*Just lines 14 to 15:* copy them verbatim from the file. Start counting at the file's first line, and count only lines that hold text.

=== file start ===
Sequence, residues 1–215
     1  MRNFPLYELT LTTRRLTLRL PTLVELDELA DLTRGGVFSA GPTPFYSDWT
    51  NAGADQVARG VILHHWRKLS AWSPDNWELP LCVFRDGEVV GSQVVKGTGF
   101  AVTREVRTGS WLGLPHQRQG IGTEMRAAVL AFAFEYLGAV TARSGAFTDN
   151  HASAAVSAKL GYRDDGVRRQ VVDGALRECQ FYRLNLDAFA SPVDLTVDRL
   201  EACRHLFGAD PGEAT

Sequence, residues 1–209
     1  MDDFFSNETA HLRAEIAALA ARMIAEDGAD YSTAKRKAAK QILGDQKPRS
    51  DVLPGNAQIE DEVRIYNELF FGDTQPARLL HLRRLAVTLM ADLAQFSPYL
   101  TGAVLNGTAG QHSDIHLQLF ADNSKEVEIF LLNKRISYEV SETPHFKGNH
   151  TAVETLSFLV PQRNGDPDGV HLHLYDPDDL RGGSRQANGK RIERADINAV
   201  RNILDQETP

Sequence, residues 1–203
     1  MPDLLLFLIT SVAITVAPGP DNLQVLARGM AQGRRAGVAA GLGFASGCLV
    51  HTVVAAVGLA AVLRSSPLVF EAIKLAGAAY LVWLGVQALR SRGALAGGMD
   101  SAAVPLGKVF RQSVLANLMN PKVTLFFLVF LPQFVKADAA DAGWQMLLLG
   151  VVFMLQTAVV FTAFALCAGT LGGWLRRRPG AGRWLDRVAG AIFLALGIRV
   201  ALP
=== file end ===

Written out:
     1  MPDLLLFLIT SVAITVAPGP DNLQVLARGM AQGRRAGVAA GLGFASGCLV
    51  HTVVAAVGLA AVLRSSPLVF EAIKLAGAAY LVWLGVQALR SRGALAGGMD